Numbers in Our Lives Part One & Two, First Edition

30 May 2018

The book defies the notion that something cannot be all things to all people. It is a book for the whole family.  It is supplementary reading for adolescent children at school.  For mom and dad it might be a checklist – widening horizons on subjects like numbers in cities, in nature, in business and the economies of countries. For grandma and granddad numbers relating to the human body may be helpful as well as the numbers on investments.  How do hedge funds work?

Part One brushes up on basics – simple arithmetic, prime numbers, percentages,  scientific measurements, the metric system. There are other measurements associated with science, force, pressure, work, energy, speed, acceleration, etc.  The author makes it fun and stimulates some curiosity about numbers.

The chapter on education is interesting, apart from quoting Prof. Jonathan Jansen lavishly and presenting up to date numbers on matric passes etc, the author describes Howard Gardener’s  eight multiple Intelligences . It is inspiring to know that if one is not so good at the IQ test of solving mind puzzles and  mental arithmetic. Then there are other god given options.

The author says this about the eight intelligences. “They are all qualities we all possess in varying degrees, such intelligences cannot be static, all improve with learning, attitude, focus, hard work and experience. All need nurturing”.

Part two is more comprehensive, cities, communication,  democracy, business and the economy. Including a  chapter on the Numbers in power, transport and travel,  the author says, “this brought out the boy in me”. The lateen sail was one of the great inventions of all time, it allowed sailing vessels to move forwards into head on winds. Then steam engines, James Watt’s  modification that allowed his steam engine to be credited with the beginning of  the industrial revolution.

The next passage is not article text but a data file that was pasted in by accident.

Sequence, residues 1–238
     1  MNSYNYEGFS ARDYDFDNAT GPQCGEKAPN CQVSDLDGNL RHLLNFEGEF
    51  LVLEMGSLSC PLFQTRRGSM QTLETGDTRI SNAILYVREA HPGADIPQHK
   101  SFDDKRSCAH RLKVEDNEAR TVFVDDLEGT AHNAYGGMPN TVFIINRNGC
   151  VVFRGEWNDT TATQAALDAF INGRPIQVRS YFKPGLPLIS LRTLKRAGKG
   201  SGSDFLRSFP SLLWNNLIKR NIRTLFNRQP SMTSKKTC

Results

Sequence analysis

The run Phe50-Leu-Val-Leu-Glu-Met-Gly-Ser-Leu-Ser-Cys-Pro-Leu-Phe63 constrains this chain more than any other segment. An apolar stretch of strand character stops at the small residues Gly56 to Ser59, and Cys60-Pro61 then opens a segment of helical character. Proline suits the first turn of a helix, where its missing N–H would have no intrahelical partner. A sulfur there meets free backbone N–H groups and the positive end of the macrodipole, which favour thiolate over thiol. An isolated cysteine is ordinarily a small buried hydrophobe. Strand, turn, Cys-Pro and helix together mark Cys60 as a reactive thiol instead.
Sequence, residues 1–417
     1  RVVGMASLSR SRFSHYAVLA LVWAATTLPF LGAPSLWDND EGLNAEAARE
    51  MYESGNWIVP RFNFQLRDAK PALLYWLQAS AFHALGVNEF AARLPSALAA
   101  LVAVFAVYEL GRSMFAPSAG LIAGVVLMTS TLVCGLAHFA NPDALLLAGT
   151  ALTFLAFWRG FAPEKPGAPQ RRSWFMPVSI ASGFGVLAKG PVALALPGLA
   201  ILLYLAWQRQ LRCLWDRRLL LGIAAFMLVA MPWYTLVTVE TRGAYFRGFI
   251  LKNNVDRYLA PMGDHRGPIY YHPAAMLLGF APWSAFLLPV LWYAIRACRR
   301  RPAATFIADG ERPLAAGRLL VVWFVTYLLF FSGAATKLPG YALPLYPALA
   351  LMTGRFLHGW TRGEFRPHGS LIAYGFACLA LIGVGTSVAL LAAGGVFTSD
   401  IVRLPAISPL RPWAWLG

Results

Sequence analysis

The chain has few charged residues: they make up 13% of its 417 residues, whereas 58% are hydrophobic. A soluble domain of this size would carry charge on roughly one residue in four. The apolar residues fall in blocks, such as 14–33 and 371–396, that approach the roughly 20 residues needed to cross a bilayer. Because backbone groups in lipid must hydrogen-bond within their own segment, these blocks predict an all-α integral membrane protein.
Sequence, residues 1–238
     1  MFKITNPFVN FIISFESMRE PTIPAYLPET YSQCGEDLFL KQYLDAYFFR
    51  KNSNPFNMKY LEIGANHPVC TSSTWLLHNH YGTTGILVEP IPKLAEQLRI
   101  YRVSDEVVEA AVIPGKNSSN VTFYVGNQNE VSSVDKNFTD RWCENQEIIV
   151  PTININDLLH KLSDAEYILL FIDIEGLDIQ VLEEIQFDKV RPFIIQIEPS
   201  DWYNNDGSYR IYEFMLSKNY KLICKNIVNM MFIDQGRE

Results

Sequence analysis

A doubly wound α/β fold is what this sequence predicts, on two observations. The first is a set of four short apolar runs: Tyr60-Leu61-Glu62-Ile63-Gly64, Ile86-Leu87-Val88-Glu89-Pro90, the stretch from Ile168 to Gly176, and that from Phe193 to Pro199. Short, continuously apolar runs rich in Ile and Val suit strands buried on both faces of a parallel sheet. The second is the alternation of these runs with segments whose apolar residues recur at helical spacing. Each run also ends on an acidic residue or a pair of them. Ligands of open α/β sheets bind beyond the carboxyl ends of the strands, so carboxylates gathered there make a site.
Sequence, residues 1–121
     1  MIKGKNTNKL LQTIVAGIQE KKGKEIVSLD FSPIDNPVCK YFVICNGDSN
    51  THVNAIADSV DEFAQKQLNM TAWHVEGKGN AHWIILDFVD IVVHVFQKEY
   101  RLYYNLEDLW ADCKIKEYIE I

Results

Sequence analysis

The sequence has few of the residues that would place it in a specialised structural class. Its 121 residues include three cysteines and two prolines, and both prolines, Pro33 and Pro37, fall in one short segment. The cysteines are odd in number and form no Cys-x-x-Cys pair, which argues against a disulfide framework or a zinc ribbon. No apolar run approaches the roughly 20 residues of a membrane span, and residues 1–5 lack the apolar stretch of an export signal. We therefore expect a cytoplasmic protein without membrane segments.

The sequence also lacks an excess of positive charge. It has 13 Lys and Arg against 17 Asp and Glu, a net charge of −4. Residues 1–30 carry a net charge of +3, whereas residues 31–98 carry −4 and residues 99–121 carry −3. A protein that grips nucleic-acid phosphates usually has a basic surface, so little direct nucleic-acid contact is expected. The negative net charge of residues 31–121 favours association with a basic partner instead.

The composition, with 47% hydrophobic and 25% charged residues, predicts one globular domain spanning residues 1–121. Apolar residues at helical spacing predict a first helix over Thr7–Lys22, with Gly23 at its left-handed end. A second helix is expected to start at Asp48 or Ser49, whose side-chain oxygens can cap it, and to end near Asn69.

In communication the invention of the telegraph sent electromagnetic signals through copper wires, Morse code became the international code. This started in 1844, for 30 years this was the major method of communicating around the world. This included the laying of under ocean cables. Later this infrastructure of wires was used for voice, sound communication, even pictures and then the internet. The author tells this all with numbers.

This is a first edition, some numbers may have escaped the author; he would welcome contact via the Wright Publishing Website. He hopes the website will have active participation as more, and up to date numbers become available for future editions  This book should help spread the gospel of Numeracy and stimulate a thirst for knowledge.

Interest  in anything  is probably the strongest key in unlocking participation. This is true of personal relationships as it is for productive work using any of the subjects in this book.  This book has value.

The hardcopy including VAT is R325.00 per book; the electronic version is R85.00 per copy.  For books purchased online there will be a packaging and delivery charge within South Africa of R35.00.

Neil Wright